Read the whole thing here.

I think it is a slowly receding stigma – healing stigmata, if you want. When asked, I tell people I’m independently published. I own my publishing imprint, and because I have the background, I run it like a business. I do my level best to deliver a professional product to the consumer, just as if I weren’t the artist creating it in the first place. To that end, I’ve gathered a crew of people who help me with the bits I can’t manage on my own, like editing. And it’s not easy, it’s a ton of work. But I don’t expect to wind up on bestselling lists (other than on Amazon, where they count, being generated by real sales rather than projections).

As for the slowly fading, a movie comes out in a couple of months, created from a book that was originally self-published. I read The Martian back then, before it was bought by a ‘real publisher’ and optioned to be a movie. It was good. It’s still good. The only difference is who is handling it, and the level of publicity… and that’s making a wave through readers. If a self-published book can be good, then maybe others will be, too?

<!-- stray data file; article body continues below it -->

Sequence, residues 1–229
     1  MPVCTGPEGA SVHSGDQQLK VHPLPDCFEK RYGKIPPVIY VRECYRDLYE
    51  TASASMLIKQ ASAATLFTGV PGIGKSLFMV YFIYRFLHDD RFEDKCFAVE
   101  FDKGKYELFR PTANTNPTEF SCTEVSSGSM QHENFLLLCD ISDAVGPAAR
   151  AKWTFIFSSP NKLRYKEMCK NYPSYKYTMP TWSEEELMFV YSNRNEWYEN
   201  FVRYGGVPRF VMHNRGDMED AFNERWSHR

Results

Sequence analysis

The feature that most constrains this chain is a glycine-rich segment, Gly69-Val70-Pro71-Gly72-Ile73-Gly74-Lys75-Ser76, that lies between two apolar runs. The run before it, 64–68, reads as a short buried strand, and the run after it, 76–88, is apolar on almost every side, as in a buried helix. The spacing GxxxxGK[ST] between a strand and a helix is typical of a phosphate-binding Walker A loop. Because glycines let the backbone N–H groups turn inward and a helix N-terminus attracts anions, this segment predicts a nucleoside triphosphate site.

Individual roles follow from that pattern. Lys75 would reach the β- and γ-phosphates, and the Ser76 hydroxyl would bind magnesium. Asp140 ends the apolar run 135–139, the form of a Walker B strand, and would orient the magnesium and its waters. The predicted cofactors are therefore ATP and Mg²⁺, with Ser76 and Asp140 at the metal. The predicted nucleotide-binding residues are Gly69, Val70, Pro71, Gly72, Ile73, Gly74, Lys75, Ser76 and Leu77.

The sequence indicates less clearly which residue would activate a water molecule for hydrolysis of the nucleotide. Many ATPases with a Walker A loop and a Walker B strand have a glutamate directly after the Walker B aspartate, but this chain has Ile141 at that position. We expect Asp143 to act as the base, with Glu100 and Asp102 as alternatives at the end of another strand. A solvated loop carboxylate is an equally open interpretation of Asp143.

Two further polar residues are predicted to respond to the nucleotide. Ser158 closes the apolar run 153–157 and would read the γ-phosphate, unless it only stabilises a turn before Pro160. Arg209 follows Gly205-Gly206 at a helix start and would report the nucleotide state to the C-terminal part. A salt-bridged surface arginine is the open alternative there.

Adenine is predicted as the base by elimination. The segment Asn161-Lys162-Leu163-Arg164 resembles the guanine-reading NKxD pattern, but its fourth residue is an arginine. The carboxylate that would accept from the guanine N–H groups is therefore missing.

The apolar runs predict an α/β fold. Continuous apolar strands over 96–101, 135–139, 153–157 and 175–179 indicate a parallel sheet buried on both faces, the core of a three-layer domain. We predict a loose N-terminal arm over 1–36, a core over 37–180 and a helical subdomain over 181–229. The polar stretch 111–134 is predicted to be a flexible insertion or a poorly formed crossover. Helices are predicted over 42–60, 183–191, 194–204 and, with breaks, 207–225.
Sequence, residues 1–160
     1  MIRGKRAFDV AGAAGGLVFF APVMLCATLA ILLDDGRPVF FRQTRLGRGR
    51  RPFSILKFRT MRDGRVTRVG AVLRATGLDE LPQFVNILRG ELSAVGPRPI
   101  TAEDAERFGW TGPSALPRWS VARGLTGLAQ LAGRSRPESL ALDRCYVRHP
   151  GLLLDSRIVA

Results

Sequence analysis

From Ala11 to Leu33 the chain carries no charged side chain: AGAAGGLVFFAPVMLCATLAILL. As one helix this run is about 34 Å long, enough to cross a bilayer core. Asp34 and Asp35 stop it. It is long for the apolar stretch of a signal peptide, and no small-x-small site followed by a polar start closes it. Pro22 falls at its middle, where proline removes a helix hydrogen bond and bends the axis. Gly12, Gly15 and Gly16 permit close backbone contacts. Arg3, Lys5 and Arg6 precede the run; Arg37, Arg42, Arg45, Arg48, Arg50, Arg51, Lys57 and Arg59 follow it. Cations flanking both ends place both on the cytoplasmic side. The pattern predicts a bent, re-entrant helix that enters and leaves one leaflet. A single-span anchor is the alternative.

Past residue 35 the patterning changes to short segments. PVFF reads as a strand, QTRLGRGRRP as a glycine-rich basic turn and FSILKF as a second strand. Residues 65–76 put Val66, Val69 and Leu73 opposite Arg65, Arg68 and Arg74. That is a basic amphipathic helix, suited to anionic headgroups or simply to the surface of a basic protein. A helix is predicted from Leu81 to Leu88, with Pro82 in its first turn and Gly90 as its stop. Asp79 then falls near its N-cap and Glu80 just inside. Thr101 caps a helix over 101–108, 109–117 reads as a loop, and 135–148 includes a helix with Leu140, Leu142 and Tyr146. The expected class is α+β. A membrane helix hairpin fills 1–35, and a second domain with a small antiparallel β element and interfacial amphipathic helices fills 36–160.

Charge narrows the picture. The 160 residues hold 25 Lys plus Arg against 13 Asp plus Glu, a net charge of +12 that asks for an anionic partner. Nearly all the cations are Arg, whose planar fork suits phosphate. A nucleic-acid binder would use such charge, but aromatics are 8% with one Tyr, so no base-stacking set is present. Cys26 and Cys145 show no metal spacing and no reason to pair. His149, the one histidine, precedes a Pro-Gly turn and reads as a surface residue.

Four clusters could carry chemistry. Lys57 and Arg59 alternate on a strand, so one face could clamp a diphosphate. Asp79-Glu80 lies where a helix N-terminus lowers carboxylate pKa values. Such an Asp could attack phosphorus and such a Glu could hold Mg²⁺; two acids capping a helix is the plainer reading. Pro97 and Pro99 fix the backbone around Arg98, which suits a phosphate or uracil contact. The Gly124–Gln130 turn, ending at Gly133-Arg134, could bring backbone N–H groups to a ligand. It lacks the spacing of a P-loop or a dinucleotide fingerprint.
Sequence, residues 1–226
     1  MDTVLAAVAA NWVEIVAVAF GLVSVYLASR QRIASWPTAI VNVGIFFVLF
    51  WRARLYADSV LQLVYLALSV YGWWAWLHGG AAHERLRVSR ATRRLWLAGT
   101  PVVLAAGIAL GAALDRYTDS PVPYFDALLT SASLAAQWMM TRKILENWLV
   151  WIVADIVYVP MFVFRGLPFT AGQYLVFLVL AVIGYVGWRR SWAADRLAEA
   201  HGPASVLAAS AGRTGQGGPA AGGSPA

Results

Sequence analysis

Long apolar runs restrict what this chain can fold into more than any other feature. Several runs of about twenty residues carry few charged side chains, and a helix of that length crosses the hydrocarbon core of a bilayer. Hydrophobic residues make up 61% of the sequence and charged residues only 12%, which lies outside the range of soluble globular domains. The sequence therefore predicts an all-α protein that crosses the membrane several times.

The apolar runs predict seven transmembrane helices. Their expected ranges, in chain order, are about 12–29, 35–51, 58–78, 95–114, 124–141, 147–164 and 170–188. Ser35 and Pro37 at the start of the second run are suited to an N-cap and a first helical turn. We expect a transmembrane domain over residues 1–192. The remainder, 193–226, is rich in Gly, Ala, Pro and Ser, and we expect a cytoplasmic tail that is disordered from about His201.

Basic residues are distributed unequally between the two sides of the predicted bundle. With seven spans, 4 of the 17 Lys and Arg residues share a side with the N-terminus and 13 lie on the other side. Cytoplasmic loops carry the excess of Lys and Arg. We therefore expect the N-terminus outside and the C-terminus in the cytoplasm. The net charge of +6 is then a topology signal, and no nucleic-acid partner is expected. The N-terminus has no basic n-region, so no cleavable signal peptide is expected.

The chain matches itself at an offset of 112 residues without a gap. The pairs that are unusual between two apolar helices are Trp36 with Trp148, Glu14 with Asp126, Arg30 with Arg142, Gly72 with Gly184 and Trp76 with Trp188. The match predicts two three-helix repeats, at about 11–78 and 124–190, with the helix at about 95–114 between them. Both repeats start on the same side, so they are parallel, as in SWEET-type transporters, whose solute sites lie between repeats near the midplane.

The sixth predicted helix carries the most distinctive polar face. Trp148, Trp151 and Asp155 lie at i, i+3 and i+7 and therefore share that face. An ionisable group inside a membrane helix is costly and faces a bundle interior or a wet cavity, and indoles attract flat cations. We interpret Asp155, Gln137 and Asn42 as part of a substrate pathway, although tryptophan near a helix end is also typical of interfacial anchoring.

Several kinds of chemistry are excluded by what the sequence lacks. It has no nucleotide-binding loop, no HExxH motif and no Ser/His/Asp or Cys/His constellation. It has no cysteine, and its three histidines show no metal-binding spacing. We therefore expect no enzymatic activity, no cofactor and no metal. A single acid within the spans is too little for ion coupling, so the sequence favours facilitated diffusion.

It’s not going to be overnight. But already, I’m seeing the readers care less about who handles the book and more about the story inside the book.

Brad Torgersen, commenting on the article, talked about his path into publishing,

It may be another generation before the unconscious “wall” totally collapses. Too many of us were born in the age when “self” and “vanity” were synonymous.

Kevin J. Anderson said it best: publishing has now been made *easy* but SUCCESS is still as hard as it’s ever been.

Speaking from my military experience, I think it’s inevitable human nature that people begin to check each other out according to what kinds of rites of passage each of us has endured. For the vast bulk of publishing history, “making it” with an editor was a celebrated rite of passage. You knew you were “for real” when you’d cut muster with an established magazine or novel house.